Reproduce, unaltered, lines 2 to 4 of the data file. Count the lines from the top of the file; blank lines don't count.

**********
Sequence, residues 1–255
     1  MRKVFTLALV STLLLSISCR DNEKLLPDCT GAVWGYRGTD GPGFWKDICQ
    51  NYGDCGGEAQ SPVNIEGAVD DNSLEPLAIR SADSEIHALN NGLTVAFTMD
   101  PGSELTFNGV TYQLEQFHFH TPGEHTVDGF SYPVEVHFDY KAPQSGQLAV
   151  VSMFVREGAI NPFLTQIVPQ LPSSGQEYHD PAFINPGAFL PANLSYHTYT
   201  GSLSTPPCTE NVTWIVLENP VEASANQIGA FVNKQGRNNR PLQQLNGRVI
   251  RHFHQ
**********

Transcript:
     1  MRKVFTLALV STLLLSISCR DNEKLLPDCT GAVWGYRGTD GPGFWKDICQ
    51  NYGDCGGEAQ SPVNIEGAVD DNSLEPLAIR SADSEIHALN NGLTVAFTMD
   101  PGSELTFNGV TYQLEQFHFH TPGEHTVDGF SYPVEVHFDY KAPQSGQLAV